Acute Myelogenous Leukemia
Acute myeloid leukemia; AML
Acute myelogenous leukemia (AML) is a form of cancer of the white blood cells (leukocytes). It is a relatively rare cancer that occurs more commonly in adults than in children, with more men affected than women. The median age at diagnosis is 63 years.
Acute forms of leukemia are characterized by the rapid proliferation of immature blood cells which rapidly crowd out mature, functional cells. In AML, the cell type is granuloid, whose cancerous change disrupts its normal ability to form red cells, some types of white cells, and platelets. Resulting symptoms are anemia, easy bruising and bleeding, and disruption to the body’s ability to resist infection. Impaired cognition and fatigue are also strongly associated with AML. Whereas impairments in these areas have been attributed to effects of chemotherapy, recent research by Meyers, Albitar, and Estey (2005) has identified differing cytokine levels present prior...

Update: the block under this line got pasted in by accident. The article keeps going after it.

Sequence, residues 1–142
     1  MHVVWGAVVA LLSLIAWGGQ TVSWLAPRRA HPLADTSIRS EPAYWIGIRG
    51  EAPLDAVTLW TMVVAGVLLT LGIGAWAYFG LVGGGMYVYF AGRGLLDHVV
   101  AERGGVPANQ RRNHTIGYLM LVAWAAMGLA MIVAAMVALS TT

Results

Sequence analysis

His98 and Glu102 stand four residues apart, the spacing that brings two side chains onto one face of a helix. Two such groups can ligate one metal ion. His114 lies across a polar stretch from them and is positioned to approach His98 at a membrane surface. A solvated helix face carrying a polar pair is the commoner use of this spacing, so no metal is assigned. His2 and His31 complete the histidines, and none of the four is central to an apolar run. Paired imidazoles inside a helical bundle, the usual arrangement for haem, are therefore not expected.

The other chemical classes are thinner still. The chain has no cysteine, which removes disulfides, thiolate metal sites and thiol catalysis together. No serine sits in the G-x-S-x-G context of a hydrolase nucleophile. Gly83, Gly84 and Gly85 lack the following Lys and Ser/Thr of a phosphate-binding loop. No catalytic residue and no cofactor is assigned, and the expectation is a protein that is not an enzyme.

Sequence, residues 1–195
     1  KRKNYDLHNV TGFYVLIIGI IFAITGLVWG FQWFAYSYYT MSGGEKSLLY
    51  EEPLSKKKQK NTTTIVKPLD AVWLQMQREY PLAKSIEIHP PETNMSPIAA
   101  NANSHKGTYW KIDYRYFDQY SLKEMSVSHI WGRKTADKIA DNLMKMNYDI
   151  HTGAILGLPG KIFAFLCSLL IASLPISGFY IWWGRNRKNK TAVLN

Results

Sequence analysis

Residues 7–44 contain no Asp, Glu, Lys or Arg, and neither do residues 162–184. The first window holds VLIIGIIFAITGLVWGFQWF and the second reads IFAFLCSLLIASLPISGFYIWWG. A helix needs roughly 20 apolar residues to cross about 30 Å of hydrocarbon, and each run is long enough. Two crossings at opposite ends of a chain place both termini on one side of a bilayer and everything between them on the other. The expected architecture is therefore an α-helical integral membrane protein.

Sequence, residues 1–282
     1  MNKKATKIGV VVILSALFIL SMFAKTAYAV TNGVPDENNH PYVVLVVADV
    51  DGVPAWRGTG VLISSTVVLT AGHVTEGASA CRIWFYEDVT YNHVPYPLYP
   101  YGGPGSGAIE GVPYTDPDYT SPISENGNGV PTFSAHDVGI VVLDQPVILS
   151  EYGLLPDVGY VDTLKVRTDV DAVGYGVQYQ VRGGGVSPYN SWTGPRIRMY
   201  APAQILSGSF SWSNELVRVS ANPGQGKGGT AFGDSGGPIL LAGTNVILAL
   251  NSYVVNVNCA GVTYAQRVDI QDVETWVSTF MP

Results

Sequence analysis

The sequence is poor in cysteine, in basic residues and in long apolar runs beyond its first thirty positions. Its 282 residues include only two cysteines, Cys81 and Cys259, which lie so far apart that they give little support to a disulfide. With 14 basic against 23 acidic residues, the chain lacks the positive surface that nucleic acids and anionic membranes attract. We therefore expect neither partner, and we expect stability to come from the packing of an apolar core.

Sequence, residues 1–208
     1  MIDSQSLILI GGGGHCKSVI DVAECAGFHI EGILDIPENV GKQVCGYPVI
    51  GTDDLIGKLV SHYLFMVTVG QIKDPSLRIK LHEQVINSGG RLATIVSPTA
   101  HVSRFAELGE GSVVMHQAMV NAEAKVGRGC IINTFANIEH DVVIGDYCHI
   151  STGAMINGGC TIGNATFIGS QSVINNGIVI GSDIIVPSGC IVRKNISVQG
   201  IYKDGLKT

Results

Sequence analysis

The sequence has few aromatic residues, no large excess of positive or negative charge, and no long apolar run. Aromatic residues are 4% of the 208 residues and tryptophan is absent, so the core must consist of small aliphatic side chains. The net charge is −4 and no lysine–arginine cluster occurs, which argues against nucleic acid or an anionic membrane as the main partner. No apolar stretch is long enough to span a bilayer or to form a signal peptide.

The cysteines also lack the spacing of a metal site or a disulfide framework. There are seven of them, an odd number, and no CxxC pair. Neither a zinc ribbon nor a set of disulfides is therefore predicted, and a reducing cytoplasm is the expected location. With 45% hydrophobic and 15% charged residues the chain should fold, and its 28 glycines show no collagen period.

References and Readings
- Pui, C.-H. (2003). Treatment of acute leukemias: New directions for clinical research. New York: Humana Press.Google Scholar